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Broncos Film Room: Can Todd Davis fill the hole at inside linebacker?

Andre Simone Avatar
July 22, 2016


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With the loss of their leading tackler and most athletic inside linebacker, Danny Trevathan, the Denver Broncos have a gaping hole at the inside linebacker position opposite Brandon Marshall.

Denver had options to draft a player at the position a few months back and chose not to. That left Todd Davis, Corey Nelson, and undrafted second-year player Zaire Anderson to compete for the open spot.

Davis received the most playing time last season (Nelson also was asked to contribute a good amount) and in the offseason has received much praise from his coaching staff. As Wade Phillips told our Ryan Koenigsberg, Davis “played in all of our short-yardage and goal-line plays and all that. Obviously, he substituted when Danny was out, too. He had some playing time, and he played well when he played.”

All this made Davis a perfect candidate for this week’s edition of our Broncos Film Room. So without further ado, here’s what I found when studying his tape and especially focusing on the last month of the regular season when both Marshall and Trevathan missed time.

Scouting Report


  • Likely the skill that most stands out with Davis is his football instincts. Davis shows a keen ability to sniff out plays before they happen, he’s a disciplined defender who executes his assignments and does it with very few mistakes due to how well he reads plays. His ability to read and react truly stands out.
  • Despite being on the smaller side, Davis shows a willingness and ability to take on blockers and make plays at the line of scrimmage against the run.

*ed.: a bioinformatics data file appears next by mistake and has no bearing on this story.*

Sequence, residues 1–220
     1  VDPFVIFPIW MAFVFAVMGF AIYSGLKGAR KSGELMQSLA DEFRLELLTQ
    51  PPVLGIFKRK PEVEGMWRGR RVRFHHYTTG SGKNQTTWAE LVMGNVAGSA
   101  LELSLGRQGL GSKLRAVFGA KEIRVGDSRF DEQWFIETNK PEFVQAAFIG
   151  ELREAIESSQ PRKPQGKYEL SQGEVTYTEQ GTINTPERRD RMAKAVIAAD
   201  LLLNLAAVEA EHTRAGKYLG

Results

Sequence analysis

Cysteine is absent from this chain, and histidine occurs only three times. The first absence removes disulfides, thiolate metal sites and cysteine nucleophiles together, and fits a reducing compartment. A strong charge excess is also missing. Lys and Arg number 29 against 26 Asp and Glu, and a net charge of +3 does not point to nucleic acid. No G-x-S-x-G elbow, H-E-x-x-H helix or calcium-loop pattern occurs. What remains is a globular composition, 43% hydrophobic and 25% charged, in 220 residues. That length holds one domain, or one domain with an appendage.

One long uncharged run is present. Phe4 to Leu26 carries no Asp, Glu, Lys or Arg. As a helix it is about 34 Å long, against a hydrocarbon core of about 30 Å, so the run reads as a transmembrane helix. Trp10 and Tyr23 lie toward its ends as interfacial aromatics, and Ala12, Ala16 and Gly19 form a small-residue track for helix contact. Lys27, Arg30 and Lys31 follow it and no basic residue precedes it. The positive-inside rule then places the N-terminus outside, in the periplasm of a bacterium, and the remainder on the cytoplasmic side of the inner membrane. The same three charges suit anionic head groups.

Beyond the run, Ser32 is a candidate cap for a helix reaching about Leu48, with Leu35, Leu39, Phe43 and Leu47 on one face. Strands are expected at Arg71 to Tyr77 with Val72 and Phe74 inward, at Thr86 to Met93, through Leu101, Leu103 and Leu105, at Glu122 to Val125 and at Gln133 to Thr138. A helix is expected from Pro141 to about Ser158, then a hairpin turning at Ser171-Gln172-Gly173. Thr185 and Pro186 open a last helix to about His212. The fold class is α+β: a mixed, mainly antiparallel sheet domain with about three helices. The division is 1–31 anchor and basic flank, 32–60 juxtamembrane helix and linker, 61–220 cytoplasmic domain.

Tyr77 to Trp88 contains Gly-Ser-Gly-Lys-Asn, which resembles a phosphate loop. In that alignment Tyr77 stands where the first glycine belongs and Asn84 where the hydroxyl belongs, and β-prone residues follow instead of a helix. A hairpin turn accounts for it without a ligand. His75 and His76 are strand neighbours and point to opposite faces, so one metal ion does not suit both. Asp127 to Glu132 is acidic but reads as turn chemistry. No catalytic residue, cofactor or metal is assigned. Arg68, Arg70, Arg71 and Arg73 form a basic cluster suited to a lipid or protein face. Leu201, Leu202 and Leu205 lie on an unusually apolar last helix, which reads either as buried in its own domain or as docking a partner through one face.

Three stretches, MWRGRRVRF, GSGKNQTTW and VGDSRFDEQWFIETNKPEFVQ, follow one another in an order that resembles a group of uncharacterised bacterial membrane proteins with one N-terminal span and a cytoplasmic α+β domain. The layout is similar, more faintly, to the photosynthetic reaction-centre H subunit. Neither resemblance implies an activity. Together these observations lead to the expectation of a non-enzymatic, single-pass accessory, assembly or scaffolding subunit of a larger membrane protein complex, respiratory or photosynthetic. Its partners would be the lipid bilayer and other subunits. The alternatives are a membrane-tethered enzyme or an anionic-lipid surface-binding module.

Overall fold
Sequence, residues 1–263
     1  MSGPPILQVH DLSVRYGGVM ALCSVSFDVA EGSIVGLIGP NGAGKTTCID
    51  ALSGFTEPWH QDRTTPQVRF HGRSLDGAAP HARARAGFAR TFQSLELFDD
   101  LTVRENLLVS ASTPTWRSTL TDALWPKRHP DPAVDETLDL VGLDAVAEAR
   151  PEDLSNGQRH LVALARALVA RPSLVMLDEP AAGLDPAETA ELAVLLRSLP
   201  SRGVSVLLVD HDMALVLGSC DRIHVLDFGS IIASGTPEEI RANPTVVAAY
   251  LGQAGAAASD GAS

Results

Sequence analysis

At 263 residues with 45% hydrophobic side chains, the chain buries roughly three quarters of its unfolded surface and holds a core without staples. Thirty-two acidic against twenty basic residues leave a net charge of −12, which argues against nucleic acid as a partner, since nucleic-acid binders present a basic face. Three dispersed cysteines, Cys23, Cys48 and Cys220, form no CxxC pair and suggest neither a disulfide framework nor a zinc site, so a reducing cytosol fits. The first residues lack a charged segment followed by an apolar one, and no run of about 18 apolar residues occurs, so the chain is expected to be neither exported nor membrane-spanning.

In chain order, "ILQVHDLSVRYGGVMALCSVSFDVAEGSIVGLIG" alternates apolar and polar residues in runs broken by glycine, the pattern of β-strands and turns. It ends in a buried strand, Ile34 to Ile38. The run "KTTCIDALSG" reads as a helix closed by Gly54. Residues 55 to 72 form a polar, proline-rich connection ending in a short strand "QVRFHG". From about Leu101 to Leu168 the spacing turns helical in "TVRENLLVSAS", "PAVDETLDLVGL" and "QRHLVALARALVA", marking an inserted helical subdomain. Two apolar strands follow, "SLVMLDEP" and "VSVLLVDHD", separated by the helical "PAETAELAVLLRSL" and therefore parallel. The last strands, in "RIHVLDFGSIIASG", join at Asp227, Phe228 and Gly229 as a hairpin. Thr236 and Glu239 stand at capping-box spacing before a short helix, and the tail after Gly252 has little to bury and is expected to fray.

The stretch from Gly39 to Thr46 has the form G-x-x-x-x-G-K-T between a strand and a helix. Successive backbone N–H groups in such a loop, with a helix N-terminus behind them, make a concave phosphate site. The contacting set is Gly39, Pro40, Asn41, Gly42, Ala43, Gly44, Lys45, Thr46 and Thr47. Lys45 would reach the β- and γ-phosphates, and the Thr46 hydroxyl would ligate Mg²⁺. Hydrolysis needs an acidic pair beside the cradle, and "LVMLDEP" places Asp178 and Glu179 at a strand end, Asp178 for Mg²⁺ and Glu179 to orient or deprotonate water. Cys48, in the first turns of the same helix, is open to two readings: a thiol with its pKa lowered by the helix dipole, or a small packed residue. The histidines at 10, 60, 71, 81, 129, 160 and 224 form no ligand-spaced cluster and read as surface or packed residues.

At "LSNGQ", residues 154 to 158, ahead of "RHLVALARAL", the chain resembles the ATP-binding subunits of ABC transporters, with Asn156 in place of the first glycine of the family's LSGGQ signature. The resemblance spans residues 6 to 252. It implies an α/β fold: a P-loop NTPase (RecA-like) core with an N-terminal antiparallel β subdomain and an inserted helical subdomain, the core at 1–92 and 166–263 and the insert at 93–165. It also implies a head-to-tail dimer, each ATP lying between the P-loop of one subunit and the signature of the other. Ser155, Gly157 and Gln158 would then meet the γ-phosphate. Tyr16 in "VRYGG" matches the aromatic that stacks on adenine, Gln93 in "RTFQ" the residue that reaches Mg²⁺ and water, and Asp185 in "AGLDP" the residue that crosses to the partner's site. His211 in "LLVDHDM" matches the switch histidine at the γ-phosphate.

• Davis shows great awareness and reactivity when used in underneath zone coverages, doesn’t explode off the screen like Danny Trevathan, but his awareness does. He’s able to stick with TE’s and LB’s and can even excel in such scenarios when asked to play underneath zone coverage.
  • The former undrafted player is a hard-nosed run defender. There’s very little wasted movement in his reading and tracking to the ball. Davis plays downhill, takes on blockers and punishes runners and receivers alike, leaning shoulder first into tackles.
  • In a few limited snaps which he was asked to blitz, Davis showed promise. Executing a delayed blitz perfectly, cuts through the line gets in the backfield suddenly, and forces pass out immediately. He did this consistently in other A-gap blitzes as well.
  • The more tape you watch of Todd’s, the more you’ll notice how complete of linebacker he is. He might lack a truly elite or special NFL skill, but he’s competent or above that in almost every aspect of his game.
  • Thanks to his instincts, Davis sees plays before they happen and would even beat his faster teammates to gaps or tackles behind the line of scrimmage. He plays much faster than his foot speed on film would suggest because of this.
  • While he wasn’t perfect, Davis showed himself to be a reliable open field tackler. He also shows good mobility covering ground sideline to sideline. Against the Raiders in week 14, he stayed with Latavius Murray, who switched field and was unable to gain any yardage with Davis tracking him down the entire way (he ran almost the entire width of the field, and Davis stuck with him better than any Broncos defender).
  • Davis is at his best as a run defender, when he reads plays abruptly and gets downhill. When he takes the action to the linemen and can submarine right into the line, he’s truly awesome to watch. Made some great plays on the goal line, he sifts through traffic well and knows when to hit a hole and get downfield.